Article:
An excerpt from “Graffito,” one of the first stories I wrote here:
Well, D.H. Lawrence wasn’t the first foreign literary artist to find fertile material in Italy. A hundred years ago Henrik Ibsen lived not too far from my villa in the village of Forio, on the island’s west coast. It was here that the great writer found inspiration for a poem entitled “Brand,” which became a popular success in Norway.
The poem is about a rural pastor who believes he must give all of himself or nothing to God, and the pastor, in turn, expects the same from not only his parishioners but also his own family. His religious passion allows no compromise, and he is not swayed by human sympathy or warmth. He thus becomes a moral hero. . .AND a monster. At the end of the poem this obsessed wretch is engulfed by a roaring avalanche and the last he hears are words from a disembodied voice:
“He is the god of love.”
Now, Ibsen’s inspiration for the catastrophic collapse of earth that served as Divine Justice for the obsessed pastor came from Punta Imperatore, a massive promontory that sits as a Sphinx paw, its claws curling into the sea. After a long climb, Ibsen became terrified by the nearly vertical drop from the side of the narrow path to rocks far below.
Ibsen was convinced the cliff would at any moment crumble and fall into the sea. His companion, a fellow named Bergsoe, laughed. “We are in proportion to this cliff as a fly to a tower,” he said.
But Ibsen shook his head. “Even a fly,” he replied, “can bring down a tower if it were on the point of collapse.”
Not too long ago I decided to retrace Ibsen’s path up the promontory. I climbed over a fence put up by the now shut-down Posiedon Spa and found an entrance and ancient stone steps. Dense vegetation grew on both sides and arched over a steep path--a dark, twisted, intricately detailed tangle. Hundreds, thousands of different species of plants, flowers, weeds and trees. Spiky, dusty-green leaves on thin, pale white branches. Pines and birches and packed bushes, their exposed roots writhing on the vertical dropping cliff. Damp earth smells. The melancholy calling of just a few bright white gulls, who extended their wings and floated on thermals. Far below was the churning and frothing of blue-green water around black rocks.
I continued my climb, and then encountered a clearing. At the top of a slope was a vertical wall of soft, white pumice. And there, on that crumbling pale surface, I saw it. A scratched outline of an erect phallus. That crude graffito, so unexpected at this isolated spot high above the village, startled me.
Naturally I thought again of that madman, Lawrence. The Phallus is a symbol of creative divinity. “But,” Lawrence insists, “it represents only part of creative divinity. The Italian has made it represent the whole. Which is now his misery, for he has to destroy his symbol in himself.”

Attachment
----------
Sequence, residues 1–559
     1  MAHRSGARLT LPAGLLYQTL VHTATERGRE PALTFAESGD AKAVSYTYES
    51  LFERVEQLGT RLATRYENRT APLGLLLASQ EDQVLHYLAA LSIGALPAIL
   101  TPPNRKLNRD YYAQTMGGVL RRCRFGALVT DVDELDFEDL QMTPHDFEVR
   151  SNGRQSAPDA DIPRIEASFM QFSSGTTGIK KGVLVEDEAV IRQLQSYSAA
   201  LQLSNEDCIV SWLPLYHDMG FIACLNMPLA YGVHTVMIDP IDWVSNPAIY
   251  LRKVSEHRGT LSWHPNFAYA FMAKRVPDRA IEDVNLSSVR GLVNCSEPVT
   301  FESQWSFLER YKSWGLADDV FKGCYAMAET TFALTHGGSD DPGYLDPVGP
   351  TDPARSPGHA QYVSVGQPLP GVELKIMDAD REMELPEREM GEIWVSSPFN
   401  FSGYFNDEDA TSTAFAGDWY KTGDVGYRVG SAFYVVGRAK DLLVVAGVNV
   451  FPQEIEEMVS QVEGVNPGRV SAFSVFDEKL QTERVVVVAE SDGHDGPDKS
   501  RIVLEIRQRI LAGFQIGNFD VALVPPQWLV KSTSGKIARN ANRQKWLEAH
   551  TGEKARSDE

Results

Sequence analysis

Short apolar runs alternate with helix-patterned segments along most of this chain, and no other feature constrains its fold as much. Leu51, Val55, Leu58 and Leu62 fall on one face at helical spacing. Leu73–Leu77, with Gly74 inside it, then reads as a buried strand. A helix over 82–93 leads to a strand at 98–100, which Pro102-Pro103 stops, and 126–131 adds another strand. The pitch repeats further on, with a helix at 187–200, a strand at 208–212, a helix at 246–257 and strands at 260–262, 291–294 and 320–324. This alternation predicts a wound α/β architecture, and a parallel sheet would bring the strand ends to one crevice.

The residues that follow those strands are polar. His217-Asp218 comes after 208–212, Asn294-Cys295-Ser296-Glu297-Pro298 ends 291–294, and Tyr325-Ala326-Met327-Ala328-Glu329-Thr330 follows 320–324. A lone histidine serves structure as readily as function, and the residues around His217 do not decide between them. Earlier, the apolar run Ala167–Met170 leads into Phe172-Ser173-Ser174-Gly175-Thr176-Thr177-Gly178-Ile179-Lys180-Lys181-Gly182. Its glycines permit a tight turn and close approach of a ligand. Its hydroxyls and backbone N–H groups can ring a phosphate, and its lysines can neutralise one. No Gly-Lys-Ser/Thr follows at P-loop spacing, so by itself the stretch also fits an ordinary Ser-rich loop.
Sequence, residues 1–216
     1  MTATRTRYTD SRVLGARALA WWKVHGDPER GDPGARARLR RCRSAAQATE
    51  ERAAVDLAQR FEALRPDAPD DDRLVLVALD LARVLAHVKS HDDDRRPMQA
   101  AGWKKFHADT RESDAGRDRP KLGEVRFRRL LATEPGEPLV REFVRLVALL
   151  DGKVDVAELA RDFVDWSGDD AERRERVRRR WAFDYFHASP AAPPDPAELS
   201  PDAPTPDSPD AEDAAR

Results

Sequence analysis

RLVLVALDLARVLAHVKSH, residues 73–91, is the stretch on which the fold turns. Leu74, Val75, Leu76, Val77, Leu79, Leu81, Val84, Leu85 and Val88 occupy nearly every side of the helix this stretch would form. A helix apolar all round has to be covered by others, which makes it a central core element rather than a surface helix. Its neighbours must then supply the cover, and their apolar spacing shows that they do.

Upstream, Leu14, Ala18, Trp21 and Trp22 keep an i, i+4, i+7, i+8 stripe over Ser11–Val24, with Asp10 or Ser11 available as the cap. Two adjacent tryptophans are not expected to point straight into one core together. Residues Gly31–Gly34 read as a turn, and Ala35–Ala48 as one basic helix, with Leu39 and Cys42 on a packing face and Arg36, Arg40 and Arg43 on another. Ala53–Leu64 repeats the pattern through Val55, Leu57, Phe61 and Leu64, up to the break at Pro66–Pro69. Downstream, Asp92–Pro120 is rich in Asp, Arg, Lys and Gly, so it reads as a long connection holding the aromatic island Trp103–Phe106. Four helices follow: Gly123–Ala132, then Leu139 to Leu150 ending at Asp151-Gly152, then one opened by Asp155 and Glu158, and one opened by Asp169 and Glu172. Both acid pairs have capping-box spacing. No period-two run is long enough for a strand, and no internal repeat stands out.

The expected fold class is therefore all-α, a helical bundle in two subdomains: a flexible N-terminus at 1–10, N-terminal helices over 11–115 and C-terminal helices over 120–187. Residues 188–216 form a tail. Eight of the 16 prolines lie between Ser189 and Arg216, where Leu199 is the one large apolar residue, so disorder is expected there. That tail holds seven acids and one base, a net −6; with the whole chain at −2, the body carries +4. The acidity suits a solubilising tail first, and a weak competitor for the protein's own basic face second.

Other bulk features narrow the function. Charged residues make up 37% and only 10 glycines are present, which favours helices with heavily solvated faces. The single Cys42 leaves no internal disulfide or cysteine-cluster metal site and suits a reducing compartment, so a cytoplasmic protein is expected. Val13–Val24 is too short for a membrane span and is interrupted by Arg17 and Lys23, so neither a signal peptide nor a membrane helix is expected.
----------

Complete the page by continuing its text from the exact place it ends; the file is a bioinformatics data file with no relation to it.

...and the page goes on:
This is why Lawrence thought Italian men have an unashamed enthusiasm for war. Partly it is true phallic worship, for the phallic principle is to absorb and dominate all life. But at the same time it is a desire to be exposed to death, to know death, so that death may destroy in them a too strong dominion of the blood.
I stood there at the top of the promontory far above the winedark sea, the wind blowing my hair, and I laughed. Dominion of blood! Hot blood! Which precisely explained the musical performance I had seen just the day before. It was at the Basilica di Santa Maria di Loreto, by three young musicians from Parma. They played the Beethoven trio No. VII, op. 97, “L’Arciduca,” for piano, violin and violoncello.
Their execution was precise, fluid, and intensely lyrical. Lyrical! Almost Mozartian. As you well know, much of Beethoven is aggressive, angry, and somewhat heavy handed. Typically German. But yes, of course, he is capable of sentiment. I think of some of the piano sonatas, the Concerto in D. But these Italians saw only sweetness in the phrases of the seventh trio. And why? It is in their blood!
At the conclusion of my business in Rome, I had the rest of the afternoon free so I wandered about the grounds of the Villa Borghese. There, on a wall above a fountain, was a big-bellied and heavy lidded Roman god Bacchus, drunkenly grinning. I sat on a bench under an umbrella pine and I thought. After a while, as the red sun hovered low in the sky, came a mild epiphany. A quiet understanding.
What seems certain to me is that our task on earth is to find ways to overcome the obstacles our Creator has put on our path. The man in my dream found the great solution to his sexual frustration. He concluded it is better to be a white plaster block than a man inflamed. D. H. Lawrence furthers his literary career by twisting, as it were, the true facts about Italy, which of course says more about him than about his subject. Ibsen’s terror is transformed into poetry. Young musicians’ hot blood results in fluid lyricism.
And, as I discovered early in my own literary career, if you don’t succeed with one approach, devise another. Life, after all, is a game of poker. It’s not the cards you are dealt, but how you play them.